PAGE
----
- Over 75 per cent of Millennial consumers claim participation in loyalty and reward programs.
- Over 75 per cent of Millennials are more likely to choose a brand that offers a loyalty or reward program over a brand that doesn't offer one.
- In unprompted responses, Millennials rate loyalty rewards as the top incentive they look for in exchange for sharing personal information with marketers.
- UK Millennials are the most eager to engage in loyalty relationships, with nearly one-third (32 per cent) eager to join sight-unseen the reward program of a brand to which they feel loyal, versus 22 per cent in Canada and 19 per cent in the US.
- Nearly half of Millennials are willing to promote products or brands through social media in exchange for rewards.
- Canadians are more charitably-minded when compared to the UK and US, with nearly one-quarter (23 per cent) interested in participating in rewards programs connected to a charity or a social cause, compared to 12 per cent in the UK and 9 per cent in the US.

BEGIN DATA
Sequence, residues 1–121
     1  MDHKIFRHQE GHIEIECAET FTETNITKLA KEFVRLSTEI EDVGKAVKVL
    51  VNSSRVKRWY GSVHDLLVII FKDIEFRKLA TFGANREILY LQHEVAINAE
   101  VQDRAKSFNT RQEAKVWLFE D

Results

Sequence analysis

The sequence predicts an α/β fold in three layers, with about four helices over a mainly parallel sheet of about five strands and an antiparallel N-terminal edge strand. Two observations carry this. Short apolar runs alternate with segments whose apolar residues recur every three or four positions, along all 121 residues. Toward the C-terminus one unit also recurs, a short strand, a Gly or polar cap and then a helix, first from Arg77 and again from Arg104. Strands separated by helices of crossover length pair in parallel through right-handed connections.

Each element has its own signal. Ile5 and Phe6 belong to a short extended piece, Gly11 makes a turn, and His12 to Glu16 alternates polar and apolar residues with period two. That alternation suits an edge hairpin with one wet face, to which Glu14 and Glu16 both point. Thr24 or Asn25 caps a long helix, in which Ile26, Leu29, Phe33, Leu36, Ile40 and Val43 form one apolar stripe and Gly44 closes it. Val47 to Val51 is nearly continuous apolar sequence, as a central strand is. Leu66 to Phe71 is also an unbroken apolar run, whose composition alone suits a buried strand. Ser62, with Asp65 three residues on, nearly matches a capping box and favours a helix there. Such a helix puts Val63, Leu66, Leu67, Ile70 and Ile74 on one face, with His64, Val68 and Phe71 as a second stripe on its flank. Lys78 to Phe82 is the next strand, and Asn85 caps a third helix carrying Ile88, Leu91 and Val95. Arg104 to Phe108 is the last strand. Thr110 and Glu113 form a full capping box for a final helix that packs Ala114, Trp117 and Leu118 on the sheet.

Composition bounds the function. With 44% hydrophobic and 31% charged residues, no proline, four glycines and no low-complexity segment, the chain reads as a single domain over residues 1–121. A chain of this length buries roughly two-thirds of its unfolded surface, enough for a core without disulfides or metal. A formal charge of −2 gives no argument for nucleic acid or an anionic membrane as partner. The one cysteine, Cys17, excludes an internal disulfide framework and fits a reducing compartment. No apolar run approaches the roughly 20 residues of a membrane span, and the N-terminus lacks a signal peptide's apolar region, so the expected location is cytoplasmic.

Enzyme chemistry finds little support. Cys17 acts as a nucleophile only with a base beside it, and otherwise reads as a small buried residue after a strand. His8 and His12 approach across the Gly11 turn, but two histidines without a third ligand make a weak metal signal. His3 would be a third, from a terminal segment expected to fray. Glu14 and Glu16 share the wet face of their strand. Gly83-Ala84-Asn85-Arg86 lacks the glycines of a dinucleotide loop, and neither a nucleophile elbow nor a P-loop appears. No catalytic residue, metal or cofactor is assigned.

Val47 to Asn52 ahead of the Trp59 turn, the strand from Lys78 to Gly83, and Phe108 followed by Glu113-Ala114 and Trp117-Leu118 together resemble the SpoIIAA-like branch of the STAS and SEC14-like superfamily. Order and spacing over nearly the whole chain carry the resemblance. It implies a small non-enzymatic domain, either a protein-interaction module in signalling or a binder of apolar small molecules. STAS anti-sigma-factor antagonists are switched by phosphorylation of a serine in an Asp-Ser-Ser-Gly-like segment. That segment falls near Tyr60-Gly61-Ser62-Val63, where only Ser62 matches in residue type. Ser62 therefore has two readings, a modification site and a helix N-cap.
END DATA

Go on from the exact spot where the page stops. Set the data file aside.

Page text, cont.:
- Millennials in the US had the highest percentage for stating they would be more likely to do business with a company after earning a reward (78 per cent US vs. 69 per cent Canada and 67 per cent UK).
- Millennials are skeptical of the value of location-based marketing offers delivered via smart phone, with only one in ten claiming to have responded to such an offer.
- Millennials view the option to download coupons or reward certificates as most enticing reason to use a rewards program application on a smart phone.
- UK Millennials are most likely to respond to reward program offers on their mobile devices (43 per cent of Millennials in the UK vs. 34 per cent in the US and 38 per cent in Canada).